Yesterday Brian Tannebaum wrote about many of the law firm web site marketeers that write dreck for their clients (Blogging And Other Social Media, Like A Search Engine Whore)
The marketeers put this stuff online for the lawyers and call it content. Those with even minimal composition skills use far less charitable words to describe it.
As an example, he writes about the self-linking that takes place in pseudo-blogs and the embarrassing effect it actually has on the lawyer being promoted. He uses the example below — a monstrous keyword smorgasbord you may have stumbled across in the past, and were dumber for having done so:
Recently, this Craptown family lawyer read about a father being held in contempt for failing to pay child support. This case was not in Craptown and did not involve aCraptown family lawyer. As a Craptown family lawyer, it is important that anyone in Craptown who has a problem with Craptown family law call a Craptown family lawyer. It is unclear whether the father sought the services of aCraptown family lawyer, but contempt is a bad thing and is a reason to seek out aCraptown family lawyer. So for those of you fathers that are broke, it may be time to call a Craptown family lawyer.
This is a theme you have likely seen before, though it’s still worth reiterating as lawyers continue to come online with blogs, Twitter feeds, Facebook pages, etc., ad nauseum. Not knowing how to actually use these media, the attorneys outsource the content to the marketeers, outsourcing their ethics and public face in the process.
But I’d like to add a bit to what Tannebaum wrote, which he summarized like this:
Stop the multiple links in your blogs, and stop automating your social media accounts.
Fire anyone who you hired to do this for you.
Stop being an internet marketing whore, and start being a lawyer.
Now my two rupees to add on: The only reason to create such horribly dreadful prose is because the marketeers (or lawyers listening to them) think there will be Google link juice that will flow to those links; they think page rank will increase. In other words, the prattle isn’t written for the human, but for the search engine.
But do they really think Google is that stupid? Do they think Google doesn’t know that folks are trying to game them by passing along valuable page rank in the form of links?
If I were building a search engine, I would value the first inbound link from a site. The second link would be less valuable, and the third even less. It’s the only logical thing to do. Thus, my first link from Above the Law was likely good for my blog. But they’ve linked to me often over the years and additional ones probably have little impact as far as Google is concerned.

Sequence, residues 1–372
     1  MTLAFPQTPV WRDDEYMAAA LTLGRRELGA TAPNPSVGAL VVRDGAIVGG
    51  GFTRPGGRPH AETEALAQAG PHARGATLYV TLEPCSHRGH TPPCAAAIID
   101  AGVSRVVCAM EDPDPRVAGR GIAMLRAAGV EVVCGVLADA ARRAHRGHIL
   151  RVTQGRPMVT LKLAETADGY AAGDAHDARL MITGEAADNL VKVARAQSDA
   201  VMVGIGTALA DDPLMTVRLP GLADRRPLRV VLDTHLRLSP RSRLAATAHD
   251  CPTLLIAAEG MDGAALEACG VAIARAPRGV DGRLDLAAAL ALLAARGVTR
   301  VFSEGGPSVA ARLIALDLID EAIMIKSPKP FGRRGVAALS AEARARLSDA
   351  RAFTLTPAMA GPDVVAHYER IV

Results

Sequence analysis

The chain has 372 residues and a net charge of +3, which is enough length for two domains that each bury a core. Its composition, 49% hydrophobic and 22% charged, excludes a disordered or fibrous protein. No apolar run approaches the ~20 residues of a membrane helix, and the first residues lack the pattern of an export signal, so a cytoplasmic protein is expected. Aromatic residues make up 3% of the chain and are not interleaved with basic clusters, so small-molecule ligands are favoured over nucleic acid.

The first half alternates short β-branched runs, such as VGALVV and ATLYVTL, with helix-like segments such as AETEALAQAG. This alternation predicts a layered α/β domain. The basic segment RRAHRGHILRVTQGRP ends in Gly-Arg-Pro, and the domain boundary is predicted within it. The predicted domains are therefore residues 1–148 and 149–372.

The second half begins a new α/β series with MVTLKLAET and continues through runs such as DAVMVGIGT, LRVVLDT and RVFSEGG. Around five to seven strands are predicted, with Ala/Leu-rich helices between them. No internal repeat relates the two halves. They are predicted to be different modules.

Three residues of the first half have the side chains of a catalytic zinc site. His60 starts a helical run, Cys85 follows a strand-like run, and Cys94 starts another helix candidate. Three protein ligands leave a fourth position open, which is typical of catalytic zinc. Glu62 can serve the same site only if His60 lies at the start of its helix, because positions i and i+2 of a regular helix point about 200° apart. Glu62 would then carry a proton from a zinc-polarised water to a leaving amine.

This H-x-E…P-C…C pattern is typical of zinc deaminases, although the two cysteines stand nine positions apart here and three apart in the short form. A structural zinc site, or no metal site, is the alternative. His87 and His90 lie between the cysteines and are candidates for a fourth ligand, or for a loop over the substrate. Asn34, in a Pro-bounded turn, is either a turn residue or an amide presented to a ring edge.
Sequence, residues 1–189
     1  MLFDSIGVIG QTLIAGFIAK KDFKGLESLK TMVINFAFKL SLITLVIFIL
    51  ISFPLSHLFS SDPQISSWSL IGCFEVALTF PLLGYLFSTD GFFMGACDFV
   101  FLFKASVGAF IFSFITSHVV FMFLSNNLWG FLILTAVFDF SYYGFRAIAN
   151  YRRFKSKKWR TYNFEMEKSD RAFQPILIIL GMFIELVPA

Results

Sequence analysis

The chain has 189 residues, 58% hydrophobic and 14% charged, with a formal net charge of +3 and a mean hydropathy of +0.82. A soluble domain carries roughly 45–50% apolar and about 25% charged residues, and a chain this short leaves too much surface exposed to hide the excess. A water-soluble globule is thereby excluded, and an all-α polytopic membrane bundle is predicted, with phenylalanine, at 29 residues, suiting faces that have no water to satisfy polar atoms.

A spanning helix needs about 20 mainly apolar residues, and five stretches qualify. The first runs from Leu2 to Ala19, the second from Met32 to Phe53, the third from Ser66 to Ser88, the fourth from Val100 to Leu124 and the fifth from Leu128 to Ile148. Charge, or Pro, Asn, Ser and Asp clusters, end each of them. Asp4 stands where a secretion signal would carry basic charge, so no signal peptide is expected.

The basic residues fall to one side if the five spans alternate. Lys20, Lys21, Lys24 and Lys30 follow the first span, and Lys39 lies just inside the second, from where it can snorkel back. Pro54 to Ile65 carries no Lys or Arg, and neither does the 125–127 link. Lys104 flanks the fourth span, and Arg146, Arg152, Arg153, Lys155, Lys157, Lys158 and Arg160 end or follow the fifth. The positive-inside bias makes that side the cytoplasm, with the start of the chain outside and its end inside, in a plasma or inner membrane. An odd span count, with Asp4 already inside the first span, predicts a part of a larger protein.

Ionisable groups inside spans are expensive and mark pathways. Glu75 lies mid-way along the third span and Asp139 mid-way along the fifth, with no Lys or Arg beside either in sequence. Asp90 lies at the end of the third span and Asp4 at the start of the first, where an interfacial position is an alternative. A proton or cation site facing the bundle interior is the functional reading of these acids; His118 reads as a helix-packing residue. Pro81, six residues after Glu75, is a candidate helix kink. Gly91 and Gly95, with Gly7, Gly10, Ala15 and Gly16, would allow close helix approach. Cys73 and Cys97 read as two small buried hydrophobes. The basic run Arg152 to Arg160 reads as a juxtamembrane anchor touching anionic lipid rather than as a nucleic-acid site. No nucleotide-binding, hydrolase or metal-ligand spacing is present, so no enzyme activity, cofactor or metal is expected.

The same is true with multiple links within a post. The more links, the less value each will have. While I’m obviously not privy to Google’s algorithms, I do know these folks didn’t get to the top of the search game by being stupid.
So if you should happen to stumble across one of those Craptown blog posts that Tannebaum wrote about, you have learned several things about the lawyer, none of them good
But adding to the humiliation factor that Tannebaum noted, you can add that:
- The lawyer has hired a marketeer that is incompetent;
- The lawyer has wasted his money because he gets nothing from it (other than humiliation).
And if you already made the mistake of hiring one of the marketing charlatans hustling business from lawyers left and right, and you can’t figure out whether the content being produced is good for you, ask your mother to read it. Ask your spouse. Ask friends who you trust for candor, the kind of friends that would take the car keys out of your hand because you’ve had one too many.
What would they think? Would they be proud to say they know you? If your kid’s friends read it, what are they likely to think of you?
So I was searching for a Craptown family lawyer and Google sent me here. Are you available to handle my Craptown divorce?
You should call Tannebaum for all Craptown litigation. I’m not admitted there.
Exactly right, Eric. Repeating the same phrases over and over used to work back in the 1990’s when AltaVista was king of search engines. Google changed all that with their Page Rank algorithm, and they’ve refined the algorithm a lot since the early days. Google keeps the details secret, but it’s unlikely that repeated links on a page count for anything. Also, links within a website are only likely to affect the relative rank of pages within that site, not the rank of that site compared to other sites. Finally, Google spends millions of dollars a year researching and implementing ways to prevent people from gaming their search results. It’s not impossible to manipulate the results, but it’s not easy.
I always find it amazing how many people — people with a lot of higher education I might add — think that Google is so dumb that they can be manipulated so easily.
@Eric Turkewitz – Potentially the most highly-educated, technically proficient and resourced company in history… On the other hand, organizing the world’s information is a big job.
On the other hand, organizing the world’s information is a big job
If it was easy, everyone would do it. The hard is what makes it great.
…swiped from A League of their Own…
In my opinion there are 2 big problems with “robo-blogging.” First, you lose respect of anybody who sees what you’re doing (and therefore customers). Second, as google improves how it ranks people, it will get harder and harder to ‘fake it’ and you could be punished (rank wise) for doing so.
The thing that marketers forget in their headlong rush to be ranked #1 for “personal injury” is that people are also searching for “car accident help” and “losing a family member” and “depressed after accident” and so on. Those very human blog posts will bring very human customers through the door.
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